“I didn’t sleep so well,” she said. “I was quite nauseous yesterday, so I didn’t eat much. I woke up at 3:30 a.m. starving and in pain.”

Webb says she’s aware of media chatter about her this year leading up to the Games. She was in first place at times during the 2014 Games but withdrew due to injury.

“People expected me pick up where I left off from last year. It doesn’t work like that,” Webb said.

When asked how she’s handling Saturday after such a difficult Friday, she said she’s taking it “one day, one event at a time.” 

Brooke Ence won Clean and Jerk, lifting 242 lb. When Ence finishes an event, fans shout her name, ask for selfies, and clamor for her to sign their shirts and hats. She obliges, happily.

“I’ve been on the other side,” Ence said. “I’ve watched the videos (of athletes), and you feel like you know them. It’s nice to hear your name, to get support from people.” 

Ence said she grew up performing, so she’s used to being in front of a crowd. She said she tries not to be hard on herself when events don’t go as planned.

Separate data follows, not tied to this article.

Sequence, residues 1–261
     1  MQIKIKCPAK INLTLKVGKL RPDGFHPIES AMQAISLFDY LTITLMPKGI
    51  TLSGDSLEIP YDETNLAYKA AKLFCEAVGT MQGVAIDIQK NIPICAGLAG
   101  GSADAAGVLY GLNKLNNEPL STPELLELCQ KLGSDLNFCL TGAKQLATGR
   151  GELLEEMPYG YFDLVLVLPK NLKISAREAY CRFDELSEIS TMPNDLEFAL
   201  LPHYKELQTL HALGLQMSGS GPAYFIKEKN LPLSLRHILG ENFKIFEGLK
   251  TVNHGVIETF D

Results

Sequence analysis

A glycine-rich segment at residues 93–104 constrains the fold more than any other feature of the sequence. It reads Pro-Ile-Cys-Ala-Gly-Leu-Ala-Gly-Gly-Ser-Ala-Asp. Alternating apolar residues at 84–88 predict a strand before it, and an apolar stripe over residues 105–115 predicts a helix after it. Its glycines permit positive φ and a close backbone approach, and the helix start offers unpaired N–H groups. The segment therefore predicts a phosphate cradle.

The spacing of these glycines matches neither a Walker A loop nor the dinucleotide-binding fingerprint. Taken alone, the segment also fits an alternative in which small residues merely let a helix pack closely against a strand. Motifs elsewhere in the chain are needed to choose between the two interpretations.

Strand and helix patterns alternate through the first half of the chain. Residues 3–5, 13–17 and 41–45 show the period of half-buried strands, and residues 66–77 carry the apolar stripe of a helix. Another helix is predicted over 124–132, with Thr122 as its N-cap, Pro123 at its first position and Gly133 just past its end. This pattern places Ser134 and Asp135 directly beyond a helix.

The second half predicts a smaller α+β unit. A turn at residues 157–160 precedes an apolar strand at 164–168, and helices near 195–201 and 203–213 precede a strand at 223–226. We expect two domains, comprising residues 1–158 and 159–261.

“It’s OK when things don’t go perfectly,” Ence said. She had to remember that when struggles with bar muscle-ups dropped her to 22nd on Triangle Couplet. Still, she ended the day in sixth place.

“I see them,” Camille Leblanc-Bazinet said of the photographers who surround her, “but I do my thing.”

The 2014 Reebok CrossFit Games champ said she started off this year’s Games feeling pressure, but “not anymore, because I have rough stuff happening,” she said, referring to disappointing finishes that put her in 22nd place going into the last event on Saturday.

Leblanc-Bazinet won Triangle Couplet, finishing almost a minute ahead of second-place Samantha Briggs. The defending champ now sits in 12th overall going into the last day of competition. Briggs is eighth.

The winner of the Meridian Regional, Sara Sigmundsdottir, finished Saturday in first place—right where she was on Friday night. This is Sigmundsdottir’s first Games experience, and she said what’s been most surprising is the pace of the day.

“It goes so quickly!” Sigmundsdottir said. “We’re always going off to warm up and compete.”

She added: “I thought there would be more time to chill.”

The pressure of being in the lead and having cameras in her face doesn’t bother the 22-year-old.

“I love it,” she said she said of her Games experience so far. “It’s so much more fun than I thought.” 

For complete standings and scores from all divisions, visit the Leaderboard